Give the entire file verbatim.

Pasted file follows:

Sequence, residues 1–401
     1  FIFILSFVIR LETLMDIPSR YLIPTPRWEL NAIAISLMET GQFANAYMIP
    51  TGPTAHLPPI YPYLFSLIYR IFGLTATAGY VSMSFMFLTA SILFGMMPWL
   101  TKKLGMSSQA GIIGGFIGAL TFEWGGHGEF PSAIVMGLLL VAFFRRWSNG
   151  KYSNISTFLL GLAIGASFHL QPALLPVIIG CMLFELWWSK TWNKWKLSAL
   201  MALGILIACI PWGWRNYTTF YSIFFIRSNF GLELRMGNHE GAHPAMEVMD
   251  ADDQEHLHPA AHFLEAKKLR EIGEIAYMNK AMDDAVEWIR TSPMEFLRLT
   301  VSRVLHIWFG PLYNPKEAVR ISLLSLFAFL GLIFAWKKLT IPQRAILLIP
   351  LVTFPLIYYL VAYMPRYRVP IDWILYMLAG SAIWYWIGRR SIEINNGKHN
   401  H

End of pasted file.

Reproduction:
Sequence, residues 1–401
     1  FIFILSFVIR LETLMDIPSR YLIPTPRWEL NAIAISLMET GQFANAYMIP
    51  TGPTAHLPPI YPYLFSLIYR IFGLTATAGY VSMSFMFLTA SILFGMMPWL
   101  TKKLGMSSQA GIIGGFIGAL TFEWGGHGEF PSAIVMGLLL VAFFRRWSNG
   151  KYSNISTFLL GLAIGASFHL QPALLPVIIG CMLFELWWSK TWNKWKLSAL
   201  MALGILIACI PWGWRNYTTF YSIFFIRSNF GLELRMGNHE GAHPAMEVMD
   251  ADDQEHLHPA AHFLEAKKLR EIGEIAYMNK AMDDAVEWIR TSPMEFLRLT
   301  VSRVLHIWFG PLYNPKEAVR ISLLSLFAFL GLIFAWKKLT IPQRAILLIP
   351  LVTFPLIYYL VAYMPRYRVP IDWILYMLAG SAIWYWIGRR SIEINNGKHN
   401  H